Luzon Provinces Brace for Drought as El Niño Intensifies

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RICEFIELDS IN TAGUDIN ILOCOS SUR WAS AFFECTED BY DROUGHT CAUSED BY EL NINO PHENOMENON...
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MANILA, Philippines: The effects of the El Niño phenomenon are expected to bring drought to at least 17 provinces in Luzon by the end of the month, according to the Philippine Atmospheric Geophysical and Astronomical Services Administration (Pagasa).

Pagasa Officer-in-Charge Nathaniel Servando informed The Manila Times that the provinces likely to be affected include Benguet, Ifugao, Kalinga, Apayao, Mountain Province, Ilocos Sur, La Union, Pangasinan, Cagayan, Nueva Ecija, Nueva Viscaya, Pampanga, Tarlac, Batangas, Cavite, Oriental Mindoro, and Palawan.

In addition, a dry condition is expected to prevail over the Spratly Islands, while a dry spell is likely to occur in Abra, Ilocos Norte, Isabela, Quirino, Bataan, Bulacan, Zambales, Aurora, Occidental Mindoro, and Metro Manila.

Pagasa defines a dry spell as three consecutive months of below-normal rainfall conditions or a 21 to 60 percent drop in average rainfall. A dry condition, on the other hand, is characterized by two consecutive months of below-normal rainfall or a 21 to 60 percent reduction in average rainfall. Drought is defined as five consecutive months of below-normal rainfall conditions or three consecutive months of way below-normal rainfall conditions, with a reduction of more than 60 percent from the average.

Servando explained that a strong El Niño is currently present in the tropical Pacific and is showing signs of intensifying further in the coming months, with sea surface temperatures reaching more than 1.5 degrees Celsius. This intensification of the El Niño phenomenon increases the likelihood of below-normal to way below-normal rainfall conditions, potentially leading to dry spells and droughts in certain areas of the country until the first or second quarter of 2024.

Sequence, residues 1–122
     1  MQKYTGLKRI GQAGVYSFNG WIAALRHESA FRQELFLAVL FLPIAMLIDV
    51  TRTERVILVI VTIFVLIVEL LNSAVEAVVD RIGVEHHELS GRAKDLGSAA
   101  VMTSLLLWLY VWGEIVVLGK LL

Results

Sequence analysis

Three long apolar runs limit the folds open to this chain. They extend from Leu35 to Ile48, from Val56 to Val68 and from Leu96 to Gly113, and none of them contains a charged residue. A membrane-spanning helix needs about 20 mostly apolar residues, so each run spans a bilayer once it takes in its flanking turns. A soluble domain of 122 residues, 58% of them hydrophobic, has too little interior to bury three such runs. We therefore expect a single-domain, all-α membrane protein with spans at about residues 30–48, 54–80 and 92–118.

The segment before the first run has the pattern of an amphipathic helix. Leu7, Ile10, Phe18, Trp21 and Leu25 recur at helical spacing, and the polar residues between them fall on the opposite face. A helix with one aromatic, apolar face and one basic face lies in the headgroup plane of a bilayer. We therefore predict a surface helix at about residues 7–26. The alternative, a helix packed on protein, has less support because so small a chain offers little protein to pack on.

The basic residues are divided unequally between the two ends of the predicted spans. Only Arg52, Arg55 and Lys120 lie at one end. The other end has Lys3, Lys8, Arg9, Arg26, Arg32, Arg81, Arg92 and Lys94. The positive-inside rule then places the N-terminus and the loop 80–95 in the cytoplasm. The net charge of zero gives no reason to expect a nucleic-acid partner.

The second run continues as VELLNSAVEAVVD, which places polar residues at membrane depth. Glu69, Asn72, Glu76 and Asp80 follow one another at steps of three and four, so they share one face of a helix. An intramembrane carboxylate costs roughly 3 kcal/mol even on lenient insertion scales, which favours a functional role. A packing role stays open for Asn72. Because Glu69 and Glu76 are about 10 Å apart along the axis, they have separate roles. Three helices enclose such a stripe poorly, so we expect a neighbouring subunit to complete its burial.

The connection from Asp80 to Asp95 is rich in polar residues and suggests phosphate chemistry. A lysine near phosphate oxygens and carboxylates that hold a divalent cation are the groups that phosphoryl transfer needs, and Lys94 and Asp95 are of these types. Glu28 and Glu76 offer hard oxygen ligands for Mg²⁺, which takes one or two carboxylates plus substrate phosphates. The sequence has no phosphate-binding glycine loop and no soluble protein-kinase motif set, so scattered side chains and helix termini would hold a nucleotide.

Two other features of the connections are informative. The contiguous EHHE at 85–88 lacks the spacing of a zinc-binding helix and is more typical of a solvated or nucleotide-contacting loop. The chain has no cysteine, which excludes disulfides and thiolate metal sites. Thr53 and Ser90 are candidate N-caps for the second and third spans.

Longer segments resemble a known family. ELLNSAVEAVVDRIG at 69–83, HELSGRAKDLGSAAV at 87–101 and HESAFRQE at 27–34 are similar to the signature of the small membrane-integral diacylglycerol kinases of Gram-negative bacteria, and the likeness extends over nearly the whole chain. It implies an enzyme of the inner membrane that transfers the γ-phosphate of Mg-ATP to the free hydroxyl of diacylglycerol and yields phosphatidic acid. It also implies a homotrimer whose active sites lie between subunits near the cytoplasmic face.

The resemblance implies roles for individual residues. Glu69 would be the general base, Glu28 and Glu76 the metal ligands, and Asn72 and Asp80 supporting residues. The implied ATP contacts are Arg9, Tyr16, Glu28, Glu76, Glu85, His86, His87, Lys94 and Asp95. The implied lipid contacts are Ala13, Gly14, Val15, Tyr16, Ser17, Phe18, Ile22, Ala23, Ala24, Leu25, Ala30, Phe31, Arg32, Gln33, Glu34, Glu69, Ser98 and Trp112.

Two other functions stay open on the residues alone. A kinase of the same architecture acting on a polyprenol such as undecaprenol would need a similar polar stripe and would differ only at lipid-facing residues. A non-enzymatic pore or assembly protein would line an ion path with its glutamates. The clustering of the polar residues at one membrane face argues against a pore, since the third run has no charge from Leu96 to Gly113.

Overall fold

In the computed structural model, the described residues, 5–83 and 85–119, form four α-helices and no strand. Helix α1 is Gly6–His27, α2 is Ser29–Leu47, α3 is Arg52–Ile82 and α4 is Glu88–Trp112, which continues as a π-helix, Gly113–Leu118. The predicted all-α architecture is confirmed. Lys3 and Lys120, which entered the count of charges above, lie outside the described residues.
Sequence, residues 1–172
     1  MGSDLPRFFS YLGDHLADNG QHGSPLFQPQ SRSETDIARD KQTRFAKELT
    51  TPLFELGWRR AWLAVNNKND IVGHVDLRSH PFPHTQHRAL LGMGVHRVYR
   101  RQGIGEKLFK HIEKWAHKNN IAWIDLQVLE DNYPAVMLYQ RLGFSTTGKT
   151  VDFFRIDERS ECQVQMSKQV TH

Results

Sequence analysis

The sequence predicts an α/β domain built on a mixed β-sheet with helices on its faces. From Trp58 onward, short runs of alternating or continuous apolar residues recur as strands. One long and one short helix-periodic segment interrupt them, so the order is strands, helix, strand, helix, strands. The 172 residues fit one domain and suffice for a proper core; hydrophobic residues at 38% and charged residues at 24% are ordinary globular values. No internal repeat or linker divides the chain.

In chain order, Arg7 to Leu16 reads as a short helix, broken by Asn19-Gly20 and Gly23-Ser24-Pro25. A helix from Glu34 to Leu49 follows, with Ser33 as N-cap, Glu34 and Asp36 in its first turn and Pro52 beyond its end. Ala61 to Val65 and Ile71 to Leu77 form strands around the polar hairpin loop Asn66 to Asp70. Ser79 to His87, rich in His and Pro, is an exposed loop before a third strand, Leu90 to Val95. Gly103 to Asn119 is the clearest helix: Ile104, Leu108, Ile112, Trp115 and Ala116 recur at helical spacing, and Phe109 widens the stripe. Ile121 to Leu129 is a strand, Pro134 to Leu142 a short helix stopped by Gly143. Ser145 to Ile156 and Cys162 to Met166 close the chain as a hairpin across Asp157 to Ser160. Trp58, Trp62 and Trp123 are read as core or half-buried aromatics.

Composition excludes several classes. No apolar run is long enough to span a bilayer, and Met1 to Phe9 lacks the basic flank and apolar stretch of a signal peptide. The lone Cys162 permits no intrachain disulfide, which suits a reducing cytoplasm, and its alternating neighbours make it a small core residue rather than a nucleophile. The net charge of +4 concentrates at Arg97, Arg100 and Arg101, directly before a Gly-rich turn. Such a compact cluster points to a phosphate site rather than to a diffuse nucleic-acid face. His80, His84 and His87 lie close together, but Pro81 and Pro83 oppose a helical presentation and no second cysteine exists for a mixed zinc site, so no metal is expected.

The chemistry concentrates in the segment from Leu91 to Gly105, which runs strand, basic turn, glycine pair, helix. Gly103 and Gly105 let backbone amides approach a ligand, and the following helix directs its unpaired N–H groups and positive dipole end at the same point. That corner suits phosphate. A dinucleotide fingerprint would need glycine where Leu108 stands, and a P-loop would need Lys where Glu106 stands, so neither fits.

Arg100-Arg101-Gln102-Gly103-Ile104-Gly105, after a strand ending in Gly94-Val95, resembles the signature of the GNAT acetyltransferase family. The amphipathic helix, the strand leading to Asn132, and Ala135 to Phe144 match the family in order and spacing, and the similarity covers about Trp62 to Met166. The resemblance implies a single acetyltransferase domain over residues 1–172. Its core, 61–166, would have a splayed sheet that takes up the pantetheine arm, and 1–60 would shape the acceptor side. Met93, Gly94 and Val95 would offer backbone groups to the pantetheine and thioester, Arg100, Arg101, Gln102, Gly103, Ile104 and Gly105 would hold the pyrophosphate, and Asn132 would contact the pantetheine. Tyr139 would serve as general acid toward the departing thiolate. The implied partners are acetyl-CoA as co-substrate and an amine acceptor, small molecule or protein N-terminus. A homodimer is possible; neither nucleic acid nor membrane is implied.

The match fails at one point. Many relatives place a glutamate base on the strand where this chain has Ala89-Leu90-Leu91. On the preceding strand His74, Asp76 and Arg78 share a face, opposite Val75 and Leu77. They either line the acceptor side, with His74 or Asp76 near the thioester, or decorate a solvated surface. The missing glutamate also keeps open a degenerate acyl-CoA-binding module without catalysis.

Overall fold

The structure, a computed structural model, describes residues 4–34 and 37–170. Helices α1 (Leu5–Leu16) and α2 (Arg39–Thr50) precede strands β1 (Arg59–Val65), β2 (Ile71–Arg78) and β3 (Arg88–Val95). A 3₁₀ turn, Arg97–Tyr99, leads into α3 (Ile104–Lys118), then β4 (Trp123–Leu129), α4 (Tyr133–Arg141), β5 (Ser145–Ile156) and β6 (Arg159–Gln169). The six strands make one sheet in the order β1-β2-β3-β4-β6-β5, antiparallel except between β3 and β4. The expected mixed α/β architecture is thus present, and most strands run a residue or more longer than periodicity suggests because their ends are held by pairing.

“This may adversely affect various climate-sensitive sectors such as water resources, agriculture, energy, health, public safety, and other key sectors,” Servando warned.

Meanwhile, Pagasa’s 5 a.m. advisory stated that the northeast monsoon, locally known as “amihan,” will affect Luzon, including Metro Manila, within the next 24 hours. The easterlies, along with localized thunderstorms, are bringing isolated light rains and thunderstorms to the rest of the country.

The impending drought in Luzon is a cause for concern, as it has the potential to significantly impact the affected provinces and various sectors that rely on adequate rainfall for their operations. The agricultural sector, in particular, may face challenges in crop production and water resource management. Additionally, the reduced availability of water resources may have implications for energy production and public safety.

It is crucial for local authorities and stakeholders to closely monitor the situation and implement appropriate measures to mitigate the potential effects of the drought. This may include water conservation efforts, efficient irrigation systems, and support for affected farmers and communities.

Furthermore, it is important for individuals to stay informed about the weather conditions and follow any advisories or guidelines provided by Pagasa and local authorities. By staying prepared and taking necessary precautions, communities can better navigate the challenges posed by the El Niño phenomenon and its impact on the region.

As the El Niño phenomenon continues to intensify, it is imperative for governments, organizations, and individuals to prioritize climate resilience and adaptation strategies. This includes investing in sustainable water management practices, promoting climate-smart agriculture, and implementing measures to reduce greenhouse gas emissions.

By working together and taking proactive steps, we can mitigate the potential impacts of the El Niño phenomenon and build a more resilient and sustainable future for all.

Source: The Manila Times

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